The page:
What does the study of poetry have to add to the history of slavery? Critical accounts of the literature of slavery overwhelmingly focus on prose: novels and tales, slave narratives, and other forms of first-person testimony. But recent developments in the seemingly unconnected worlds of scholarly editing and avant-garde poetry have reopened the question of the role of poetry in understanding and resisting slavery: the publication of two massive anthologies of antislavery poetry (Basker and Wood), and the outpouring of poems by 21st-century African American and diasporic poets that turn to the history of slavery to shed new light on repressed or forgotten aspects of the system. In this talk, I will ask how the history of poetic form intersects with the growth, debate over, and ultimate abolition of chattel slavery, detailing how particular poetic traditions and genres mobilize discourse about land, value, and human labor (the georgic); enact the conferral of personhood or the exchange of sympathy (apostrophe; sentimental verse); explore the nuances of cultural types (dramatic monologue); and permit the collective expression of hope and frustration (hymns and songs). I am interested in the license exercised by anti-slavery poets—the trade in mimicry, parody, impersonation, exaggeration, time-travel, and wish fulfillment—and how attending to poetry might help critics get beyond the questions of identity and veracity that exert a powerful magnetic force in and around anti-slavery prose.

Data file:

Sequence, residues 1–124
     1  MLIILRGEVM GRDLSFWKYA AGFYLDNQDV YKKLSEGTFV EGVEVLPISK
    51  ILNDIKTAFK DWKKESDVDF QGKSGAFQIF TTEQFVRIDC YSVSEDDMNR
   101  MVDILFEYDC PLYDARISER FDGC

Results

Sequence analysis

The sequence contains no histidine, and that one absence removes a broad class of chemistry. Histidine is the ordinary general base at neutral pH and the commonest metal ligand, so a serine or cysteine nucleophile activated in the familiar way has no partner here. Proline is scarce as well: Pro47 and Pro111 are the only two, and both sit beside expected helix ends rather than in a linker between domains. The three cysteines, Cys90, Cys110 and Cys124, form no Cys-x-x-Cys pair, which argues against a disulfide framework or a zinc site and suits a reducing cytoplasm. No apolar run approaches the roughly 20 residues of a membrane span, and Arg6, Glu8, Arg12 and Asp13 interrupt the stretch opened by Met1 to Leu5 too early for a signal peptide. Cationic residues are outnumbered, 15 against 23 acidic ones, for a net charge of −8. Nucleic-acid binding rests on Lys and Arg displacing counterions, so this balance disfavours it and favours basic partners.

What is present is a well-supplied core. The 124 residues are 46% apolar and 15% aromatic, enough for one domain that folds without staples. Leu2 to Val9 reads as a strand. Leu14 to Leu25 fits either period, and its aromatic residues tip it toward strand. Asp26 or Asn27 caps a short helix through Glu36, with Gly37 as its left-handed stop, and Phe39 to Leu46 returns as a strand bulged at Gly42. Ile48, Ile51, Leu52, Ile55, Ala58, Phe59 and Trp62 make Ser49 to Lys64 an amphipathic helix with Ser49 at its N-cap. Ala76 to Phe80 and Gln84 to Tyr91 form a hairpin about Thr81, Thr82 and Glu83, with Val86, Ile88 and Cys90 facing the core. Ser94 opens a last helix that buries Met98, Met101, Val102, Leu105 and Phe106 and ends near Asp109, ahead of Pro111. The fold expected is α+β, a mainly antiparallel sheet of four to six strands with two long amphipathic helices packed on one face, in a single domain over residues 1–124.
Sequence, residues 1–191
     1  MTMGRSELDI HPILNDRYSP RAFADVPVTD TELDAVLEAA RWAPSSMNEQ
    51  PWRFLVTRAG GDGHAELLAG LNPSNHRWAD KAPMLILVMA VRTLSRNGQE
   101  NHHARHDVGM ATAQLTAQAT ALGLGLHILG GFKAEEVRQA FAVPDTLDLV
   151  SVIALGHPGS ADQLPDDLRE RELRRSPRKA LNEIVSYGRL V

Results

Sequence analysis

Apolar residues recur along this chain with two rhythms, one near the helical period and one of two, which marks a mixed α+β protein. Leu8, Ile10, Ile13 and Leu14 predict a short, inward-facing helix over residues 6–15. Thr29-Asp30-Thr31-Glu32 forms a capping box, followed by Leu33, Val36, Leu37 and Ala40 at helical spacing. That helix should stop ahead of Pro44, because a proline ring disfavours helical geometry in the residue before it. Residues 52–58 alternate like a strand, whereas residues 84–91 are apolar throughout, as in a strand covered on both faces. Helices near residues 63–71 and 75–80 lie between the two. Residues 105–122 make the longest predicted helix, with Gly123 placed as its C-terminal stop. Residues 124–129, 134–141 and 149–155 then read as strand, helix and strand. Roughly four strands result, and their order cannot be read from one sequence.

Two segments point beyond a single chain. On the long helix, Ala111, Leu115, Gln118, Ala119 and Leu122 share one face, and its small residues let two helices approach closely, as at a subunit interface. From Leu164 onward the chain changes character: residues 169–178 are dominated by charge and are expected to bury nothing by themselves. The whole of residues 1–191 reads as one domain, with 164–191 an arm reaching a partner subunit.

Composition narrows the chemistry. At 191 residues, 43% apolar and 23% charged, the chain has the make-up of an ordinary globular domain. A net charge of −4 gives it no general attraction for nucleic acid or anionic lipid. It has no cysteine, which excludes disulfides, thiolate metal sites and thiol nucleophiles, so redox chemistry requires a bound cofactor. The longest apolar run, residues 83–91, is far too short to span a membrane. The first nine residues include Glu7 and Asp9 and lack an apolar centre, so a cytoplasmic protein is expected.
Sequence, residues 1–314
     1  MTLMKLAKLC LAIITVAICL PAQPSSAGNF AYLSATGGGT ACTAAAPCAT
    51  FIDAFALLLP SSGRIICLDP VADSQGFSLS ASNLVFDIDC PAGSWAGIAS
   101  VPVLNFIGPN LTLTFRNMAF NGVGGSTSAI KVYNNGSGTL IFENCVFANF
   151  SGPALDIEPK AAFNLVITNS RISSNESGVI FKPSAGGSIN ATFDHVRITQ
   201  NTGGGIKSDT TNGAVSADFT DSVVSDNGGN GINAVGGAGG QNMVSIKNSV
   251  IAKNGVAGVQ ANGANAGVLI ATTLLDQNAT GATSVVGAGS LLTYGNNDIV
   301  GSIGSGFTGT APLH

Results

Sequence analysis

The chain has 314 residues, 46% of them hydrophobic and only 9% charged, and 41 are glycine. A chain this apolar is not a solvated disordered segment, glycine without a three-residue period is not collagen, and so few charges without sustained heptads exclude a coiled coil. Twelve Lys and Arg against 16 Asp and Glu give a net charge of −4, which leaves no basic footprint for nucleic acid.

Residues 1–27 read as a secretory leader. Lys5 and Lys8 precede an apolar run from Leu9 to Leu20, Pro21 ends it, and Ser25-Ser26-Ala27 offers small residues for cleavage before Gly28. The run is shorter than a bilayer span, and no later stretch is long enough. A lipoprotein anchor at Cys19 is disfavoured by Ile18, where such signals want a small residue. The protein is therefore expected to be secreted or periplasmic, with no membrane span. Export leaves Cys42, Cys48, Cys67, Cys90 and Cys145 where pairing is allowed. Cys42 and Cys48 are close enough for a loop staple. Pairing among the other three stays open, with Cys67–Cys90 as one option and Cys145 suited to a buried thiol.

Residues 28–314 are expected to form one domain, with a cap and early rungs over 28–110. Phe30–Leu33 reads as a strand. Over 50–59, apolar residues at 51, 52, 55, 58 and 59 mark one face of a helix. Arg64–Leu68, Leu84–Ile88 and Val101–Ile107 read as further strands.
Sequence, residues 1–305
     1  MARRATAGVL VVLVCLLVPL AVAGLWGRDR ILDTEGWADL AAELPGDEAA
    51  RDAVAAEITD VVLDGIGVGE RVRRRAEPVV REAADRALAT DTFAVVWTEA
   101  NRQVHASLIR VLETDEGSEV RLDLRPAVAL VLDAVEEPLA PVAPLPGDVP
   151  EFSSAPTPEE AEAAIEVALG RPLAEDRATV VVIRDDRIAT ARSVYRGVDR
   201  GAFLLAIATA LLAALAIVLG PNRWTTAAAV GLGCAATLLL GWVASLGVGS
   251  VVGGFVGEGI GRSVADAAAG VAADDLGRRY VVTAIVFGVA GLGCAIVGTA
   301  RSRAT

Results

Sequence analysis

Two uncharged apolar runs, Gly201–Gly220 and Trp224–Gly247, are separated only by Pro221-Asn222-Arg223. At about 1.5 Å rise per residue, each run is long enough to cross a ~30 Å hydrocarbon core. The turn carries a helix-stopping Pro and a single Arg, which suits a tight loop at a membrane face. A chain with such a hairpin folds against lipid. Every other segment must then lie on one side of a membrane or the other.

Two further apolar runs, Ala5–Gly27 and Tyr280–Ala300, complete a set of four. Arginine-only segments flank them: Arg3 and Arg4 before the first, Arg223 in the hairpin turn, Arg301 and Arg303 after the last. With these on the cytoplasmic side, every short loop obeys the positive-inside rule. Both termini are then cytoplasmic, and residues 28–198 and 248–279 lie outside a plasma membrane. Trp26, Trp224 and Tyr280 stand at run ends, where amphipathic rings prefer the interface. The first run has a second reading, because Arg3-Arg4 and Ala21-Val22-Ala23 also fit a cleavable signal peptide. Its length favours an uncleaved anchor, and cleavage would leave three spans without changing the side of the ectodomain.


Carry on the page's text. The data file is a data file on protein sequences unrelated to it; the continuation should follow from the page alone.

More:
Meredith L. McGill is Associate Professor of English at Rutgers University. She is the author of American Literature and the Culture of Reprinting, 1834–1853 (2003) and the editor of two collections of essays: The Traffic in Poems: Nineteenth-Century Poetry and Transatlantic Exchange (2008) and Taking Liberties with the Author (2013). In addition to essays on nineteenth-century poetry and poetics, she has published widely on intellectual property, authorship, and the history of the book.
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